Alongside him at the Kenilworth Quarantine Station are a number of South Africa’s top horses, including Mike de Kock-trained Vercingetorix, Rumya, Lehaaf, Mujaarib, Alexandra Palace, Merhee and Full Combat, as well as a new recruit Master Plan, formerly trained by Alec Laird. Other horses currently awaiting export are Equus Horse Of The Year Variety Club, Slumdogmillionaire, Blueridge Mountain and Happy Valentine, who is now owned by Barry Irwin’s Team Valor International is en-route to the USA.
The horses will be going via Mauritius, where they will stay for three months, and then Europe. The Dubai-bound horses will arrive in the Middle East in the first week of December, a month before the Carnival starts.
Tarry will be in charge of Heavy Metal in Dubai but the trainer, who took National Colour there in 2007, is reserving his excitement about going back.
“It’s a big schlep,’’ he said. “There is so much that can go wrong. When he’s there – and he’s fit and well – and his name is in a Racecard, then people can start getting excited. For now, I’m just holding thumbs that he gets through each day.
“Mike de Kock encouraged me to take Heavy Metal out and will be keeping a close eye on him through his travels.’’
It was expected that this year the export protocols would be relaxed in time to allow direct imports to Europe after a month in quarantine at the Cape. An outbreak of African horse sickness in the control zone of the Western Cape in May 2011 had resulted in a two-year ban by the European Union.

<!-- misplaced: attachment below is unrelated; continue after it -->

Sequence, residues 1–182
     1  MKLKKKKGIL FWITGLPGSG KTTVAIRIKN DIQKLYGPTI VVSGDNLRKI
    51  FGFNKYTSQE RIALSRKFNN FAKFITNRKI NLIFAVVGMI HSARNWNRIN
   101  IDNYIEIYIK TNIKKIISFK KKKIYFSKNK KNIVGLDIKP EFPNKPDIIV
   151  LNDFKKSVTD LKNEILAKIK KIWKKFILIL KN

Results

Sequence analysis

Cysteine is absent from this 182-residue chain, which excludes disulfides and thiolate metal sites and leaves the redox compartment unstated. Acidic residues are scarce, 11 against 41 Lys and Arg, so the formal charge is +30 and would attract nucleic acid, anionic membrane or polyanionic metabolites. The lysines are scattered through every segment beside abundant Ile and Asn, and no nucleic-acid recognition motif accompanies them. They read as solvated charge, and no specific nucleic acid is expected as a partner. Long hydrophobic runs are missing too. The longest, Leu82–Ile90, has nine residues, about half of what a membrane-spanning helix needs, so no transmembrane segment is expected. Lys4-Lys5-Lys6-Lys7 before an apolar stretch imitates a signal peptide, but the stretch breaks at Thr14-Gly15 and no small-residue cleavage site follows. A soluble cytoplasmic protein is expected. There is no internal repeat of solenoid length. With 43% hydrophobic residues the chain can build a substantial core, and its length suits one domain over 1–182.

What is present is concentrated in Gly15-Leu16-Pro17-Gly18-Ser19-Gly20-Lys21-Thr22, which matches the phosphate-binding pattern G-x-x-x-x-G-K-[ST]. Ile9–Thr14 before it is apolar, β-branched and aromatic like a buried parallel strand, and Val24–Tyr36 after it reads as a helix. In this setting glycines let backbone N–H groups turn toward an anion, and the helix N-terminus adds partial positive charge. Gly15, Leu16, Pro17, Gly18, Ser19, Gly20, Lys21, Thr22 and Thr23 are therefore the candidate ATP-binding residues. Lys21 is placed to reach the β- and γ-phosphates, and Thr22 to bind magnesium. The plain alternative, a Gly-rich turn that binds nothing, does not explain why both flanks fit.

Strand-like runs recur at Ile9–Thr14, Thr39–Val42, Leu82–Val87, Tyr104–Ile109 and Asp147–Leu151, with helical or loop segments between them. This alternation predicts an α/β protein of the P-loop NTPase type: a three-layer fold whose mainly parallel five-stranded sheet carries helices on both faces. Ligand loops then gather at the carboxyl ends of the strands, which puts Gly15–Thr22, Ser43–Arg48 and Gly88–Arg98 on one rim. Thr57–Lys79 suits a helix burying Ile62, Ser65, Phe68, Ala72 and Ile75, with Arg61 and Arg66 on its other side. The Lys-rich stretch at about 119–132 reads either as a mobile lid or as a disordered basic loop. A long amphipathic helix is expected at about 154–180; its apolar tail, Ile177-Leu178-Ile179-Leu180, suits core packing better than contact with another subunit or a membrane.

However, there has been no news from Racing South Africa on that front and Tarry said: “Nobody can afford to sit around and hope. We all had to make a plan on what the facts are right now and that means nearly a month in quarantine in South Africa, three months in Mauritius and another month in Europe.’’
Tarry believes that Heavy Metal could do very well overseas. “He’s a Silvano and has only been over ground four times, for three wins. I think he’s still a fresh horse who is only finding his feet right now.
“I haven’t decided if I’m going to stick to the turf with him, or try him over Meydan’s Tapeta. The two obvious marks for him are Sheema Classic or the Duty Free on Dubai World Cup Night.’’
However, he warned, “I don’t think we’ll see the best of him in Dubai. Hong Kong or Singapore will suit him more.’’
For now, Tarry is focusing up on his Gold Cup Day runners. He has three horses in the R1.25-million Gold Cup, including Kolkata, the 8-1 joint second favourite.
“He got an eight-point penalty for winning the Gold Vase on Durban July Day, so he’s not the best-weighted horse in the race. But he’s come to hand at the right time and, considering he was rated 93 after finishing second in this race as a three-year-old and is now 98, it’s not way out.
“He is, however, getting less weight than he should from the horses rated higher than him.’’
Tarry’s other two horses are Gold Onyx and E-Jet, both of who will be going over the distance for the first time. “I don’t know if they stay, but I have a feeling they will.
“Gold Onyx will have to be dropped out from the draw (No 17) and you don’t often win a Gold Cup from way back. So he’s going to have to get a little bit of luck.’’
Whiteline Fever will be running in the Champions Cup over 1800m and Tarry says: “He’s got to be a big runner. But there are a few horses who are pretty well weighted in the race, like Mike de Kock’s filly Espumanti and Justin Snaith-trained Run For It.
“Whiteline Fever’s got a lot in his favour, though, with a good draw. The 1800m shouldn’t be a problem. He is a horse who needs to be covered up and one who doesn’t want to hit the front too early.’’
He looks fair value at 10-1 with Betting World.